The term ‘chemophobia’ has been used on social media amongst chemists with increasing regularity over the past year. Defined as ‘a fear of chemicals’, more specifically it refers to the growing tendency for the public to be suspicious and critical of the presence of any man-made (synthetic) chemicals in foods or products that they make use of. Sense About Science, a UK-based charitable trust whose mission is ‘to equip people to make sense of science and evidence’, is attempting to combat this with a new free guide, “Making Sense of Chemical Stories”, for which the graphics in this post were made.
In these graphics, I wanted to emphasise the point that whether a chemical is natural or man-made tells us nothing about its toxicity. There are many chemical compounds, found naturally in plants, that are poisonous to humans in small amounts; similarly, there are many man-made compounds which are perfectly harmless unless ingested at very high doses. Although the first of the two graphics sorts natural and man-made chemicals into toxic & non-toxic categories, overall I wanted to show that in reality, this is an impossibility – all chemicals, if taken in a high enough dose, are toxic – even water, which we consider essential to life. “The dose makes the poison” is a rule that applies to all compounds, natural or man-made.
A common argument is that we’ve become accustomed to, and built up tolerance to, naturally-occurring toxic compounds, whereas we haven’t had time to do so with more recent synthetic compounds. However, consider that the most toxic chemical compound known to man is the naturally-occurring botulinum, one teaspoon of which could kill a quarter of the world’s population. It’s been around for millennia – and yet we still haven’t developed resistance to it. Plants, too, are constantly evolving, and producing compounds we’ve never before been exposed to; however, not every new compound produced by a plant is deadly to us just because we’ve never been exposed to it before.
The second of the graphics further emphasises the relationship between dose and toxicity. Many fruits and vegetables contain compounds that have been shown to be toxic to humans. However, they are present in such comparatively minute quantities, that they are nowhere near the dose required for them to cause harmful effects.
In recent years, some groups have been in uproar over the presence of chemicals that are known to be harmful or carcinogenic in everyday cosmetics or foods. As an example, some groups maligned the presence of formaldehyde in some vaccines – despite the fact that there’s more formaldehyde present in your average pear (for the record, the quantity in both is well below the dose needed to cause any harm). The key fact that is often overlooked about chemical testing is that it often involves concentrations of chemicals well above those that we are normally exposed to. Just because a chemical is harmful or carcinogenic at very high doses, does not necessarily mean it will have any ill effects at the doses we experience. Food regulation exists to prevent harmful levels of chemicals from being used in products we buy – if the levels were harmful, they simply wouldn’t be allowed on the shelves.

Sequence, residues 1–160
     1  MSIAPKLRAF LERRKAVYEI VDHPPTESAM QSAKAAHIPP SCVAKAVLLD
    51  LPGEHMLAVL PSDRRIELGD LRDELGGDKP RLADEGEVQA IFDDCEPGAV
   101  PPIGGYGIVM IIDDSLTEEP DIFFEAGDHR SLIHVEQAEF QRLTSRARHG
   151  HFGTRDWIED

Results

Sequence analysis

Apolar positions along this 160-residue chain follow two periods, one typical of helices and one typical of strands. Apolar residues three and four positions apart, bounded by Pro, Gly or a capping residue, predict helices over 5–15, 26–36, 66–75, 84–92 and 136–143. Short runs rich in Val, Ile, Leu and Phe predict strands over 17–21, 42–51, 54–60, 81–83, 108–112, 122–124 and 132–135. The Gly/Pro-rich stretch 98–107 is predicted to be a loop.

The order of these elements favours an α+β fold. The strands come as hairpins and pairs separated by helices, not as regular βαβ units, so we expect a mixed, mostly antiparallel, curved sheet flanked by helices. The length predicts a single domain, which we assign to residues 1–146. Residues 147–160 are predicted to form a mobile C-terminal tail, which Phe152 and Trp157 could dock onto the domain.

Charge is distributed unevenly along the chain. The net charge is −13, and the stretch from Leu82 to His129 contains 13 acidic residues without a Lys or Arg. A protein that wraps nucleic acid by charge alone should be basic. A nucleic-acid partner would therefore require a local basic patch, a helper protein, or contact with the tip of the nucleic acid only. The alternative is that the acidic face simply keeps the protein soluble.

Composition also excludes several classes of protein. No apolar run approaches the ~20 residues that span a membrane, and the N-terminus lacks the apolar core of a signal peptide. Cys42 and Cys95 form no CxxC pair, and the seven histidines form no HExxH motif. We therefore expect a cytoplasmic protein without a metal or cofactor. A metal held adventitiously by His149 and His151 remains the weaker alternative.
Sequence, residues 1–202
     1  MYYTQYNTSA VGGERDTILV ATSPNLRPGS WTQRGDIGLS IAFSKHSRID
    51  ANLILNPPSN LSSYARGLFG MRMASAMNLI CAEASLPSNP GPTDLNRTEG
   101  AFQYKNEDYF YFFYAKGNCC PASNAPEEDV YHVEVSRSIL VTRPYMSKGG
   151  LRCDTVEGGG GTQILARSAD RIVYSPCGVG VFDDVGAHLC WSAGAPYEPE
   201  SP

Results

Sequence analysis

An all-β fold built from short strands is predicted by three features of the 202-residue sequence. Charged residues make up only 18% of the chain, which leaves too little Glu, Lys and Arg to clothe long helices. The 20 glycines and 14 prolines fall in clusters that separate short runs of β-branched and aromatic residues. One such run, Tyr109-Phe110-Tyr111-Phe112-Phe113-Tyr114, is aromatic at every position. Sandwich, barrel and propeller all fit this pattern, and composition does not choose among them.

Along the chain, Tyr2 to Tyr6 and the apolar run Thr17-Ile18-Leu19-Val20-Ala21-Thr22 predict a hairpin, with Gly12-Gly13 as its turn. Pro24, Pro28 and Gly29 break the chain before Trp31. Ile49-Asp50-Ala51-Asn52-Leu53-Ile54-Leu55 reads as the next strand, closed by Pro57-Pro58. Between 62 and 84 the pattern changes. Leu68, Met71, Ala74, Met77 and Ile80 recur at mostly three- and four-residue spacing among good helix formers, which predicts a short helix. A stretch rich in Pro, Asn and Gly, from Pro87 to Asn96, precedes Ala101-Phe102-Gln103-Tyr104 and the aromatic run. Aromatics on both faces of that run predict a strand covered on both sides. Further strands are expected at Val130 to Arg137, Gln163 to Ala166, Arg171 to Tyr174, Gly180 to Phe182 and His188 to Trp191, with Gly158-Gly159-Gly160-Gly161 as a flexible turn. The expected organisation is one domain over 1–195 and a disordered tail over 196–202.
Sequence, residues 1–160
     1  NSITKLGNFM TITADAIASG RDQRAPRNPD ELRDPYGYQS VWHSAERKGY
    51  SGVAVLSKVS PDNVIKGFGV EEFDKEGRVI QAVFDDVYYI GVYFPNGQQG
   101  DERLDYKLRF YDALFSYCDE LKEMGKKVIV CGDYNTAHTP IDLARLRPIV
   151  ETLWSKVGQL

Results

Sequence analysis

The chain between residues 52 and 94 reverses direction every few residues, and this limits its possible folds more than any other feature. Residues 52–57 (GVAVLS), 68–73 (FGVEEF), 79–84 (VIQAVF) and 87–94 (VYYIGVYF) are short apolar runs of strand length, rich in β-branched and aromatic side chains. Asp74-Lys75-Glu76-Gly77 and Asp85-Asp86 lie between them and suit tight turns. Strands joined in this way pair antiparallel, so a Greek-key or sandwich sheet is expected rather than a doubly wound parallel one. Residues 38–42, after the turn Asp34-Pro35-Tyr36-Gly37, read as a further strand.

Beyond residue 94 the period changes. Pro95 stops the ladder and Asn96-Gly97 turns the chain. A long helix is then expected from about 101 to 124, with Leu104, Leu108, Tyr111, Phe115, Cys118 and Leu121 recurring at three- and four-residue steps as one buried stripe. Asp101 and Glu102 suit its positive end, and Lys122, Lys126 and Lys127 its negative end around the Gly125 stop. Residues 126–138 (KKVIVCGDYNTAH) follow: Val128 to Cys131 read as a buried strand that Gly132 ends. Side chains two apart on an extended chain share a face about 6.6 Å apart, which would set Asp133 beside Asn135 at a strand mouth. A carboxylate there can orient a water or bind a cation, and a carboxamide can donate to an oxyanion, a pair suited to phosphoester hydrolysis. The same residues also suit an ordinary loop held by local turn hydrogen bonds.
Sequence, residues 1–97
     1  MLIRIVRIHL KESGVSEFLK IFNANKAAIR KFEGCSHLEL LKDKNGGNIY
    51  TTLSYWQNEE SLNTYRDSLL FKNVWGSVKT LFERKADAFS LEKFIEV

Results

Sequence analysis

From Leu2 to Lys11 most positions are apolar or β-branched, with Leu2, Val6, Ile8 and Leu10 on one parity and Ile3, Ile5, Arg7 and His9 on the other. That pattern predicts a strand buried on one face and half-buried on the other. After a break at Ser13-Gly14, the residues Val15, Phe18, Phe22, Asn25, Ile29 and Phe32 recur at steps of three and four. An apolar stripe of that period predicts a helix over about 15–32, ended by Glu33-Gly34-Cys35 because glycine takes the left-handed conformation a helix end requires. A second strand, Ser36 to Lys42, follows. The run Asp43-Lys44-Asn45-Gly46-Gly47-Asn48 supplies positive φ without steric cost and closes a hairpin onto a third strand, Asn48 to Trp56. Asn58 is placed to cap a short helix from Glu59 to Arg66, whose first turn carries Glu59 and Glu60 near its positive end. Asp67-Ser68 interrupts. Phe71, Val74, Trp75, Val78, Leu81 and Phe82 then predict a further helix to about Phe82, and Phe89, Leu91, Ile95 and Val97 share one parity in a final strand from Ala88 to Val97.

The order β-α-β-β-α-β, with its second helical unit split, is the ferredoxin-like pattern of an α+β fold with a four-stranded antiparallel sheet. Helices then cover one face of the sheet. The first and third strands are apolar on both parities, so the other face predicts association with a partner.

Another prime example of the spread of chemical misinformation is the self-styled ‘Food Babe’s’ poorly informed attack on the use of azodicarbonamide (unceremoniously dubbed ‘the Yoga Mat chemical’) in Subway’s bread, which is excellently debunked here. It’s a sad state of affairs when someone without a chemistry or food science degree, and with little more than a simple knowledge of the subject, is able to spread such misinformation about chemicals much more easily than those who wish to educate the public to better evaluate such stories for themselves.
That’s why I was eager to get involved and support Sense About Science’s initiative in creating these graphics for their new guide. Whilst, as ever with this kind of information, it’s unlikely to reach those in need of it most, it will hopefully encourage those who do read it to more neutrally evaluate claims about chemicals in their food and personal care products, and to discard their pre-conceived notions about natural and man-made chemicals.
You can view and download the Sense About Science guide on their site here, where you can also download the graphics in this post, or request hard copies. Additionally, I’ve been inspired by the guide to create a few other graphics, unaffiliated with Sense About Science, which I’ll be sharing over the next week or so. Please share their guide far and wide, and help stem the flow of chemical misinformation!
EDIT (07/06/2014): I’ve altered the graphic to remove MSG from from the synthetic section, and replace it with propylene glycol. MSG was included as it was commonly synthetically produced for use as a food additive. However, having been informed that it’s now more commonly produced from bacteria, it doesn’t fit in the man-made section, so I’ve altered the graphic to reflect this.